Desert dancers highlight Andean culture

Story highlights

  • Photographer Andres Figueroa spent a week in one of the driest places on Earth
  • He took portraits of Chileans who dress up in costume for popular religious festivals

(CNN)South America's Atacama Desert, one of the driest places on Earth, resembles some of the faraway planets monitored by giant telescopes there.

The lack of humidity provides optimal conditions to watch the sky and study the origins of the universe.
"It is pure visual silence," said photographer Andres Figueroa. "It is amazing. There is absolutely no humidity, and (these conditions) create some striking contrasts."
    There, in that clear, inhospitably arid environment, Figueroa turned his camera lens toward another discussion on cosmology, one rooted in the ancient folklore of the Andean people.
    Taking along his mobile lighting studio, Figueroa photographed a series of religious festivals that take place every July in the Atacama. In his "Dancers of the Deserts" series, Figueroa chronicles these festivals, which attract about 200,000 people to some otherwise quiet mining towns in Chile.
    Photographer Andres Figueroa
    "I have always wanted to see the desert. Even though I am not very religious, I've always been curious about their traditions," said Figueroa, who is from the Chilean capital of Santiago.
    Figueroa worked hard on cataloging and differentiating the ceremonies and their complex rituals -- at times playing the role of an artist, others as an anthropologist -- but he always remained faithful to his love for classic portraiture.
    "From an anthropological standpoint, I was interested in documenting all the signs and symbols that appear in each costume and character, all the indigenous and Catholic syncretism," he said. "My lighting studio allowed me to pick up on these details.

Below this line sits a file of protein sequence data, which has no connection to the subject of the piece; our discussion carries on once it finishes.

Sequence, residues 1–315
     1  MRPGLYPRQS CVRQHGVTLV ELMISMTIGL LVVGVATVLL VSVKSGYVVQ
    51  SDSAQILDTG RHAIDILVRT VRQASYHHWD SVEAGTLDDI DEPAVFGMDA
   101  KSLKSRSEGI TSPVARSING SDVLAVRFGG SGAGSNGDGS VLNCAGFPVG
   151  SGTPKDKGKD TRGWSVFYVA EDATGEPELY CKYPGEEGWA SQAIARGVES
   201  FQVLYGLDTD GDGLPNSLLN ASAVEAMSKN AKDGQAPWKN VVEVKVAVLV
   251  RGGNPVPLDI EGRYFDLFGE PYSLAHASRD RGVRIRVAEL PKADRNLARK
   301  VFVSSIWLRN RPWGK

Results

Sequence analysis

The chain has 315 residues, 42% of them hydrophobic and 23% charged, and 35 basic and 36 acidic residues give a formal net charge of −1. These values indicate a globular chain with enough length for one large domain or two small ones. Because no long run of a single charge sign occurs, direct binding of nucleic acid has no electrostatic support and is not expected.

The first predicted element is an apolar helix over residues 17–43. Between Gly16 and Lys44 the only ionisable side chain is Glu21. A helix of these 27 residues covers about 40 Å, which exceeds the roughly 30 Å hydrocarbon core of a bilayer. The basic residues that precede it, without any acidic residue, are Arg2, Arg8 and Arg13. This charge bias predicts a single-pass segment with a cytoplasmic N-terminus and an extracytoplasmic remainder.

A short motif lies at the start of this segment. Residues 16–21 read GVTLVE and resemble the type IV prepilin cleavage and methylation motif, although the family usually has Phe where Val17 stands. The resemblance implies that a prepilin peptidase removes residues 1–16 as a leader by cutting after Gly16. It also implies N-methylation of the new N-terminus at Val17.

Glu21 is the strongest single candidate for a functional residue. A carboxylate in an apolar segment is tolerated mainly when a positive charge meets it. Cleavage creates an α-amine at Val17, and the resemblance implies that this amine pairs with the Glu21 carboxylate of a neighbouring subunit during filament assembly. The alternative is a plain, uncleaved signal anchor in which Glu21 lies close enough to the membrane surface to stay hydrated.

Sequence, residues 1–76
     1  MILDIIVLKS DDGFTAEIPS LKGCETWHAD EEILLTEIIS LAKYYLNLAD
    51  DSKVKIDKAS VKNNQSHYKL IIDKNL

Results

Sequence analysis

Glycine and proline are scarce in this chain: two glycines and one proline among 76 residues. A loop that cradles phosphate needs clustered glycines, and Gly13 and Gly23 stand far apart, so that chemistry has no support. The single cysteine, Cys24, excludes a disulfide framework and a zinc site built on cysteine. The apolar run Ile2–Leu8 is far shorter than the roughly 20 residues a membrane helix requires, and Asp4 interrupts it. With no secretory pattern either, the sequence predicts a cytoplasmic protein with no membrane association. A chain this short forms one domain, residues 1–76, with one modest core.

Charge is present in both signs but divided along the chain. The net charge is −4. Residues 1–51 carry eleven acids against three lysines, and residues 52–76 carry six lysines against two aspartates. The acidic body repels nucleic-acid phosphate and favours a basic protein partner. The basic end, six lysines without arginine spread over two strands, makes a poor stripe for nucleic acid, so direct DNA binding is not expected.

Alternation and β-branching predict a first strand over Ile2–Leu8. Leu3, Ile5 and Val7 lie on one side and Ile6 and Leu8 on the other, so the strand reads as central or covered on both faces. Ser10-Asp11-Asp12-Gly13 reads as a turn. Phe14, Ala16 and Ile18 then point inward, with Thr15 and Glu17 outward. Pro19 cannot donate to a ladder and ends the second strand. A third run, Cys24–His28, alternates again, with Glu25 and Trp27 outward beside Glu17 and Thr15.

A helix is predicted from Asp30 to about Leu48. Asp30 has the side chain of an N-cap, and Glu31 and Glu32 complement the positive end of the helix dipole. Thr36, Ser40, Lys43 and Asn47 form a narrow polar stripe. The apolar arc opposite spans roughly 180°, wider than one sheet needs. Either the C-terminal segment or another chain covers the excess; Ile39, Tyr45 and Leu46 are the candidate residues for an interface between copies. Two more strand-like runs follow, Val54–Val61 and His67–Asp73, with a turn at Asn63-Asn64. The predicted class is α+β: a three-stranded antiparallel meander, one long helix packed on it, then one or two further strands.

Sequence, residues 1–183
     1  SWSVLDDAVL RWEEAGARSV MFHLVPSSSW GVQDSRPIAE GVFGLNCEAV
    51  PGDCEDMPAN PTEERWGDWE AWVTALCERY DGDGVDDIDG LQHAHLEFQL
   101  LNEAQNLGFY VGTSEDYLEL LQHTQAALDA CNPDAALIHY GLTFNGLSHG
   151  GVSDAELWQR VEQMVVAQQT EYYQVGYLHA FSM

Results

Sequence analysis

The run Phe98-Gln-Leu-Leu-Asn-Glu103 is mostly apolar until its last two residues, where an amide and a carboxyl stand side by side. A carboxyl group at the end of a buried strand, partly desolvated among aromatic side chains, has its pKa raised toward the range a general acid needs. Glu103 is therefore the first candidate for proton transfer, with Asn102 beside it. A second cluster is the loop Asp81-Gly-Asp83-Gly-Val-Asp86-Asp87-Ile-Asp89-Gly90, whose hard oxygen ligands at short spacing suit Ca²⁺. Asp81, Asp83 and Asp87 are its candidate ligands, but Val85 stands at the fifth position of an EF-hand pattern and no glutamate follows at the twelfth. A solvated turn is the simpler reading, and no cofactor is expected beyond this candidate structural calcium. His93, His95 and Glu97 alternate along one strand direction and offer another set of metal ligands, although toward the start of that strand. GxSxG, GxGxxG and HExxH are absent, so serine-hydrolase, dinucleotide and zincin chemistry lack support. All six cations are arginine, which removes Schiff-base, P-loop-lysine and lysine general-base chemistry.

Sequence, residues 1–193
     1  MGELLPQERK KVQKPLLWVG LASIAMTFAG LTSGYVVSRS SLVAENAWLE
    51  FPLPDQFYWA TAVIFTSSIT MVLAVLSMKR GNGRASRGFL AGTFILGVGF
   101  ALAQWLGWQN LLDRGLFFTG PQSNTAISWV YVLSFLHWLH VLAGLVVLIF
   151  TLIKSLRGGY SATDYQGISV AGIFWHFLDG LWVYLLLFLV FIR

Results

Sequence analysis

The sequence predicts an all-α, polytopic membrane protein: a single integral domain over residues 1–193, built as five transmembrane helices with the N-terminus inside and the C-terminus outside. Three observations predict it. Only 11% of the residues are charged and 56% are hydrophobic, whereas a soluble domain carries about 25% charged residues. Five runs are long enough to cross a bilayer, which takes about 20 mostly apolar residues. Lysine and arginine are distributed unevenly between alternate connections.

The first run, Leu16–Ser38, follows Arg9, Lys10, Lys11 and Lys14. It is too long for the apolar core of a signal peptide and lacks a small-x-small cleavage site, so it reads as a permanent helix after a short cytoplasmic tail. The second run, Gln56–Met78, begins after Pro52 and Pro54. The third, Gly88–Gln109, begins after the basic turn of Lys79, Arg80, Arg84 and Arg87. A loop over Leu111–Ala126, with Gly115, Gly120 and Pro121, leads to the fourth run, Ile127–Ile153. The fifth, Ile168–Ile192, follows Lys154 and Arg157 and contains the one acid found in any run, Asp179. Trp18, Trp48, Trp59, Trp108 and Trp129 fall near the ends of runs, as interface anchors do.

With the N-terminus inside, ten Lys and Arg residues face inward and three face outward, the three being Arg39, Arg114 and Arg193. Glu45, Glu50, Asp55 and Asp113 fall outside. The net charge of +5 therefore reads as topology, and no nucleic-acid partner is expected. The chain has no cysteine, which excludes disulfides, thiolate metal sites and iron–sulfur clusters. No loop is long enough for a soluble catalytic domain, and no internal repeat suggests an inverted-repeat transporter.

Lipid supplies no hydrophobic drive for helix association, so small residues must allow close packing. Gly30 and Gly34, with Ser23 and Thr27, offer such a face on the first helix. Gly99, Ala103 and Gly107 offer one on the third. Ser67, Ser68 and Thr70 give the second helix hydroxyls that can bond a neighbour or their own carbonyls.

"From a portraiture standpoint, I used a formal approach to explain this living culture that is constantly growing and reinventing itself. I asked each character to stop to be photographed, taking them away momentarily from the festival in a more intimate scenario."
    Photographing adobe walls, desert landscapes and the ubiquitous camping sites where pilgrims come to gather, Figueroa said each character is perched in his or her own context.

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    Bears and devils pose in the desert in striking contrast. These photos highlight the uniqueness of Andean culture, which draws influences from Europe, the Inca and more recently, Chinese traditions. There are endless nuances, not always perceived by the naked eye.
    "It is a very special festival. When you see the bears, you see them participating in the different roles, blending in with the (the devils)," Figueroa said. "And sometimes, you see them as a central figure in a festival of their own. It is amazing, a tradition brought by the Chinese near Peru."
    Figueroa, who befriended many of the musicians and dancers, said it was important to take part in the festival in order to understand its meaning to the community.
    "I had to understand the hierarchy and protocols of each group," he said. "As a photographer, it is important to create the conditions for things to happen. You can have it all planned and set up in order for things to naturally take place."
    Figueroa said the desert festivals have a deeper role in a region that struggles with social problems such as drug trafficking and poverty. It is the glue that binds families, and young people heavily invest their time and money to make their costumes and parade with pride.
    The festivals "are a form of social protection," Figueroa said. "I felt the presence of love ... their love and effort in communicating with their divinity and holding together as communities."